The impact of this one man was killing, stealing, and destroying life. But we were not designed for such destruction.

We are created for life—to choose life, to be life-giving.

Jesus the Messiah also reminds us of what life is intended to be.

I came so they can have real and eternal life, more and better life than they ever dreamed of.

So what will our impact be?

  • We are designed to live out a purpose bigger than ourselves.
  • It is good to create a plan and plot out success.
  • Being an agent of change in the world requires taking risk, prioritizing and investing to succeed, and being willing to lay down our lives for something greater than us.

The difference is hope.

We all face in some way the dullness and pains of life that have us wondering why we get up each morning. But there is hope. There is purpose.

We were designed for impact. Our souls long for immortality, somehow, in this fleeting, broken, hurting world.

Hope anchors our souls and keeps us getting up to try to live each day to the fullest.

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 While one man caused death, many made music.

In the news interview I watched earlier, musicians Big and Rich, who opened the Route 91 Harvest festival in Vegas performing on October 1, 2017, recounted the beauty of song. The music festival opened that evening with a powerful sing-along of God bless America.

Making music is the whole reason people gathered that night in Vegas. Music draws us and compels something inside us. Different kinds of music draw different people. But, music brings us together; it makes our bodies move.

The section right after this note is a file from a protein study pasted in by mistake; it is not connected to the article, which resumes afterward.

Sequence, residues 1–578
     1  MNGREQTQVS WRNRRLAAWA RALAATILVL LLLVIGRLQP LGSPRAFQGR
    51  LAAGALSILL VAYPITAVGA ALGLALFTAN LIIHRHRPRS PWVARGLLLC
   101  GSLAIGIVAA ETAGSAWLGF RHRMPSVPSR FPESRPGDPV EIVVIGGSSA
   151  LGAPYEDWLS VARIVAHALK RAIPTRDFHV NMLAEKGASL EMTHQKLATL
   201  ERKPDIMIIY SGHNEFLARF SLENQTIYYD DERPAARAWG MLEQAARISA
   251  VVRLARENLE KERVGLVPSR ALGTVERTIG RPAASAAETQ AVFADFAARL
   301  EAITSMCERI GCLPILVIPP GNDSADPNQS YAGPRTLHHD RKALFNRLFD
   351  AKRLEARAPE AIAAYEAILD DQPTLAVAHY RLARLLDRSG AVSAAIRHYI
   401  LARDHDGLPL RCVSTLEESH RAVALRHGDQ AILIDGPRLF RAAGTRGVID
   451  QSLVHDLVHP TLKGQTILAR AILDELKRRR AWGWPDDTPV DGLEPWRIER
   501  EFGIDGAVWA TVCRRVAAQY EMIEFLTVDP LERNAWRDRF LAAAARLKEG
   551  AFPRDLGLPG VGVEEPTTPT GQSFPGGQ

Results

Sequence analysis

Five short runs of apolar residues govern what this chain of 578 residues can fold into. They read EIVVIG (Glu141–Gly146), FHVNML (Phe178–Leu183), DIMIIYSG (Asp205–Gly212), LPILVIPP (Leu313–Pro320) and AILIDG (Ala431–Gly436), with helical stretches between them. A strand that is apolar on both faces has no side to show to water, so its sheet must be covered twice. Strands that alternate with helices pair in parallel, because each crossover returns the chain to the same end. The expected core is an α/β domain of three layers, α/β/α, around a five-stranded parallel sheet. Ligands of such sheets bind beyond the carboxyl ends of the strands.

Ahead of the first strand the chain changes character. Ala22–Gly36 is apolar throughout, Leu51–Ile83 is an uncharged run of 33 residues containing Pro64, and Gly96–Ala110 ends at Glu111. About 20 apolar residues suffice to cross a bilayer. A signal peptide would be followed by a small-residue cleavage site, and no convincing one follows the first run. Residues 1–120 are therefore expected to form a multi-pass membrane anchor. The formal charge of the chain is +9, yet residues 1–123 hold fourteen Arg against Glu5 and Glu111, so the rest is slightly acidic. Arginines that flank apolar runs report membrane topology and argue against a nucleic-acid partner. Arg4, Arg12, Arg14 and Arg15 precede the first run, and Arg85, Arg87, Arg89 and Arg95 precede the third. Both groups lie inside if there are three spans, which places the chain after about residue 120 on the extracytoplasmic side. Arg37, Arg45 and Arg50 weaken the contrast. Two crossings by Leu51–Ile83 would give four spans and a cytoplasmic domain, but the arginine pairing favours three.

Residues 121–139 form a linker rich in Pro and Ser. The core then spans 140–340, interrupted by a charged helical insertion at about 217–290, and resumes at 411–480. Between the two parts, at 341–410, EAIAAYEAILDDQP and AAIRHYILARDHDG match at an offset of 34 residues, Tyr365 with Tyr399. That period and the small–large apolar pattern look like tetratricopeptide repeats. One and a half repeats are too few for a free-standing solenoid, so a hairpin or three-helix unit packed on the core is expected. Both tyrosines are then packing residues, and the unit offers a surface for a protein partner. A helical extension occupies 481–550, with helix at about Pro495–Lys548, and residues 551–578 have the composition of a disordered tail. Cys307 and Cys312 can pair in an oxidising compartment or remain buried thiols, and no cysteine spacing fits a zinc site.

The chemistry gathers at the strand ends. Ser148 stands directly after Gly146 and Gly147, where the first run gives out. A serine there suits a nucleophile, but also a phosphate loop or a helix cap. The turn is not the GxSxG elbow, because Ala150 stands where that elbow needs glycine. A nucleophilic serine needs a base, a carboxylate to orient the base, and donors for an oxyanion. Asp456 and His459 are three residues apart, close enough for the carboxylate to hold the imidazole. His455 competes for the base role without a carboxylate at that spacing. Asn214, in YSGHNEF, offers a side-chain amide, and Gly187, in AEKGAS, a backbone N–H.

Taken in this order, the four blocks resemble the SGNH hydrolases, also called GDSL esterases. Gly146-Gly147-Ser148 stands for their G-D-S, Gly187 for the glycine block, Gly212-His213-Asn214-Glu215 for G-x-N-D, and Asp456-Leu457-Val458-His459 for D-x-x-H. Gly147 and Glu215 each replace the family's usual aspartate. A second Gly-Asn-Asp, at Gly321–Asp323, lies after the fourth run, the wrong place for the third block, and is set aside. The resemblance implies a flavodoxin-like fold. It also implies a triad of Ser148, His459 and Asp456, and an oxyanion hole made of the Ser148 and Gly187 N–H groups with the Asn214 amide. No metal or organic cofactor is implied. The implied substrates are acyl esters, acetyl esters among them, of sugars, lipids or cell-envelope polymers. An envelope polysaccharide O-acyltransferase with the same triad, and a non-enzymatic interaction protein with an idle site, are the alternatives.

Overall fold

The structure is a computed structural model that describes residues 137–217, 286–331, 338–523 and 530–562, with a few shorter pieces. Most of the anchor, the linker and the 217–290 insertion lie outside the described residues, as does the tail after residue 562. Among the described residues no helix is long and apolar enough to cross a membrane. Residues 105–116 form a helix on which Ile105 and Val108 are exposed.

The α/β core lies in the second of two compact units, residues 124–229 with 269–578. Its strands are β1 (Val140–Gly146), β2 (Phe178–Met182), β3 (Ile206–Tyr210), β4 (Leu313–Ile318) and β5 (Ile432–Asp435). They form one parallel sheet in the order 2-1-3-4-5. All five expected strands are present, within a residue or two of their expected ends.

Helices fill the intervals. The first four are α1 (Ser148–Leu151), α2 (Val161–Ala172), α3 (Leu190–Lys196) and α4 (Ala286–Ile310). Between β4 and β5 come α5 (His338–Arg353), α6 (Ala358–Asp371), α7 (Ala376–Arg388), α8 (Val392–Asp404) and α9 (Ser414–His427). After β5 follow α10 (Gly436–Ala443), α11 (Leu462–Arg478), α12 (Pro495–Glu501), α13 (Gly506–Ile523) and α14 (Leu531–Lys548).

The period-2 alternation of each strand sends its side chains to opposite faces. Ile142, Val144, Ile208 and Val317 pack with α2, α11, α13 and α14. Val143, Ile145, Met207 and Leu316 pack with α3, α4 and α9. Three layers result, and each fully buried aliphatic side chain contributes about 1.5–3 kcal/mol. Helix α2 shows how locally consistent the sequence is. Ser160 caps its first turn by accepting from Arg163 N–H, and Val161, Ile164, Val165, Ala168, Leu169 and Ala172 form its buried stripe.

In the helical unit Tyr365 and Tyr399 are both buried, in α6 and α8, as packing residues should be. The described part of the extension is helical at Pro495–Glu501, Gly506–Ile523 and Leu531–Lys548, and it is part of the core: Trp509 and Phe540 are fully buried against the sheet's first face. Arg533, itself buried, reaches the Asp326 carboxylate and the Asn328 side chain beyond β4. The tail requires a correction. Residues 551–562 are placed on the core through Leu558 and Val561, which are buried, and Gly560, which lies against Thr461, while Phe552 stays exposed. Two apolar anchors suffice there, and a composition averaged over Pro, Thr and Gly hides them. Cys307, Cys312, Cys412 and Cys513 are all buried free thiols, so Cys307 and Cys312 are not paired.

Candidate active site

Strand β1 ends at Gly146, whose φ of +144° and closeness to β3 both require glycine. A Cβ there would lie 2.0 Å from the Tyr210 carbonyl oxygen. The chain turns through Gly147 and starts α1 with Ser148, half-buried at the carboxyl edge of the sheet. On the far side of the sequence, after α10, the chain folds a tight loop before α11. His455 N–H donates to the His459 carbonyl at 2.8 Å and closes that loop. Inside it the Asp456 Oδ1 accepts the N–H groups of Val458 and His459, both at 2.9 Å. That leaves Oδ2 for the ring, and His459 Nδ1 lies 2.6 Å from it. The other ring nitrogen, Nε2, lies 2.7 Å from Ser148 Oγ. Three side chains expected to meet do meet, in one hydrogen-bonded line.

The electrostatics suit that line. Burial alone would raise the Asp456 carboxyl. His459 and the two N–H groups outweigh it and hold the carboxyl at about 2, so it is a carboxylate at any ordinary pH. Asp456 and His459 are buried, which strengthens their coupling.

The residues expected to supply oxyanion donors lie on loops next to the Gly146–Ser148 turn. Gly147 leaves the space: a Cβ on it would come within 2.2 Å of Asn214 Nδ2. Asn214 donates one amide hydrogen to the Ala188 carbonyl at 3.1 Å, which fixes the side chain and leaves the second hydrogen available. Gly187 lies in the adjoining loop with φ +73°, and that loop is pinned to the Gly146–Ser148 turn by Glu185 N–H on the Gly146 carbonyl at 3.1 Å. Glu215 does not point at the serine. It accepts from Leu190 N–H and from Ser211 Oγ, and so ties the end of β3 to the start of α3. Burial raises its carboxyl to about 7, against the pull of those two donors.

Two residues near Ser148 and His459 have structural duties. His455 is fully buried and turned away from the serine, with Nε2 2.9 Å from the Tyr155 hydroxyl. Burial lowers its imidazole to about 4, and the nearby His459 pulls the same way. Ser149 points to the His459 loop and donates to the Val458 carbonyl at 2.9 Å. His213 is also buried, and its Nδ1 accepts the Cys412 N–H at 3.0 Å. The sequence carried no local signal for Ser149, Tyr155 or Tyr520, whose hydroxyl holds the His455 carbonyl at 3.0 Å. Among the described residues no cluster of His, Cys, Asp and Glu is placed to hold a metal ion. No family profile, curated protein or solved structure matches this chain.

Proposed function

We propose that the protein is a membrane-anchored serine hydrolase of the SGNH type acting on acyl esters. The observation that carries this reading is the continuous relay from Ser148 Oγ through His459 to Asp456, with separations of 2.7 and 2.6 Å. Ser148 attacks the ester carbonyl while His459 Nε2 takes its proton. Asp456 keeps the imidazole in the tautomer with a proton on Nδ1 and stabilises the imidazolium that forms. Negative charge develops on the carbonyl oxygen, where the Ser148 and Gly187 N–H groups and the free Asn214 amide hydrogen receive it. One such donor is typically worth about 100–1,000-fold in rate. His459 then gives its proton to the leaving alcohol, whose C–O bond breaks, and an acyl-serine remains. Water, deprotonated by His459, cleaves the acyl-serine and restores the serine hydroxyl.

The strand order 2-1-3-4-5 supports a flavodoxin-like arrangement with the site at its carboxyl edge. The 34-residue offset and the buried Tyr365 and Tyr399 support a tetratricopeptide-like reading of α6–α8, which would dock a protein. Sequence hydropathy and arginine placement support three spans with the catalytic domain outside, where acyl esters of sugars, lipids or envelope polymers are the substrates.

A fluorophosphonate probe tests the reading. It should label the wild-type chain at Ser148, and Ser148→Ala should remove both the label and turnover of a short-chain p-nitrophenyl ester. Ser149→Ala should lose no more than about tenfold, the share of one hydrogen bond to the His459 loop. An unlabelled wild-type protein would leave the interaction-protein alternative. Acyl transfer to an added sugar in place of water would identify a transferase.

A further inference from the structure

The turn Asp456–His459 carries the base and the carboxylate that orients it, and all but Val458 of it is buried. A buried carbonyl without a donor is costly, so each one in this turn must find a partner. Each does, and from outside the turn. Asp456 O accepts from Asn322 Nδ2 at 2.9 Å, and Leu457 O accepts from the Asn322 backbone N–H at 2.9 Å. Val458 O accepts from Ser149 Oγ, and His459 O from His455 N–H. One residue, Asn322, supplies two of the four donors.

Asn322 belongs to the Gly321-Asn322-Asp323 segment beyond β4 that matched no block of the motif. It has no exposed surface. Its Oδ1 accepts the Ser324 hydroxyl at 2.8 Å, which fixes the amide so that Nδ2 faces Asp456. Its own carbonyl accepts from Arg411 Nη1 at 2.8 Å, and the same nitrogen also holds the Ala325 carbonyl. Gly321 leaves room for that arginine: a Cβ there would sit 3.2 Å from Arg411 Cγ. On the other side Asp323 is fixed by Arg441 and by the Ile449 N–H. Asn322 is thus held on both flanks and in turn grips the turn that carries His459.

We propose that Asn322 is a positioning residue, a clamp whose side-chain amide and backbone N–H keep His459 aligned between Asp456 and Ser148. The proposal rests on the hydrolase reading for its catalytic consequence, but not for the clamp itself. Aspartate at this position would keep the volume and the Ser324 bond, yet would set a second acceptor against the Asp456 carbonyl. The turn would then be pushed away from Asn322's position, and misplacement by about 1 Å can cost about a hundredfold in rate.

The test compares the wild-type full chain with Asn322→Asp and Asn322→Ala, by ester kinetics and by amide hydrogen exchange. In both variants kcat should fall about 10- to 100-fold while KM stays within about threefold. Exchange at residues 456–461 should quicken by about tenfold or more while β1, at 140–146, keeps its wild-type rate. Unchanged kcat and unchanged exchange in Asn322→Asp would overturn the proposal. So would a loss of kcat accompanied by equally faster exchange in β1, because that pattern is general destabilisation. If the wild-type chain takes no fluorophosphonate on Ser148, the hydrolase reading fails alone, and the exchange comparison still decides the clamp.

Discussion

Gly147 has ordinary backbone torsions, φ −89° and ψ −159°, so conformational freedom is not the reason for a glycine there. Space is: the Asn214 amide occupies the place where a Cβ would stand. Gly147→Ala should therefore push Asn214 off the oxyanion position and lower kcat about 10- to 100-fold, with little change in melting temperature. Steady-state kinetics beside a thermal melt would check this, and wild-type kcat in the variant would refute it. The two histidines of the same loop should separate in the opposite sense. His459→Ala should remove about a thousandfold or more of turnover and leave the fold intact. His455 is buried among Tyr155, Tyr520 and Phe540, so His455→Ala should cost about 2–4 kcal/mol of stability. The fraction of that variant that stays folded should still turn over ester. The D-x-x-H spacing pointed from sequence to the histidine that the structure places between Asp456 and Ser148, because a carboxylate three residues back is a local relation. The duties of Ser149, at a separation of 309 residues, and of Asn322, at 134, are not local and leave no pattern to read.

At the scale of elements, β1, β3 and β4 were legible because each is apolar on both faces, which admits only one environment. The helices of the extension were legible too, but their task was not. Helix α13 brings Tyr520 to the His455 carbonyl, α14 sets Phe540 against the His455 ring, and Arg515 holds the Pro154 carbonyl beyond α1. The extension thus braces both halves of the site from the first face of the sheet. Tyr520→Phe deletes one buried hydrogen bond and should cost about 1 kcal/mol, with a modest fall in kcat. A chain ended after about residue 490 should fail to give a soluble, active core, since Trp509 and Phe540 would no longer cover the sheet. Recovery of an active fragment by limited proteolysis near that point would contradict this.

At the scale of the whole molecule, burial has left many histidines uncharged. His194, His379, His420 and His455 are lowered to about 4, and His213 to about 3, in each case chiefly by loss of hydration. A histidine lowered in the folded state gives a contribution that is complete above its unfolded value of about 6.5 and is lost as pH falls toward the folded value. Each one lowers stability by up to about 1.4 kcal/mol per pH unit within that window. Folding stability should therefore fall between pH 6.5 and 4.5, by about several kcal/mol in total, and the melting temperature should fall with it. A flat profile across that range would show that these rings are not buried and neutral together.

And when we grieve and mourn our losses, there is music for that, too.

Maren Morris released this song to honor the victims of the Vegas shooting. She addresses HATE directly in a letter:

Dear Hate,

You were there in the garden, like a snake in the grass, I see you in the morning staring through the looking glass. You whisper down through history and echo through these halls. 

But I hate to tell you, love’s gonna conquer all

While hate has always been around, love conquers all.

We hold on to that hope because we were designed for impact. That desire to be a part of something greater than ourselves screams of our eternal capacity, our longing to touch immortality and make history. Something inside us dies if we don’t perceive our purpose—and dream, plan, design, and carry out our impact on the world.

Heroes laid down their lives.

I so appreciate the news stories that give voice to the heroes and the rescued amidst the tragedy—those who risked their lives for great impact and greater good.

What I’ve learned from observing a shooter is that it’s not just about making an impact.

What I’ve learned from observing the impact of heroes is that it’s about choosing life.

Heroes sought life-giving opportunities. Being heralds of hope in a despairing world. Taking radical risks of rescue. Laying down their lives to save another. If life can grow out of the death of one little seed, there is value, meaning and purpose in that death.

Choose life.

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(Published in the Yemeni American News, November, 2017)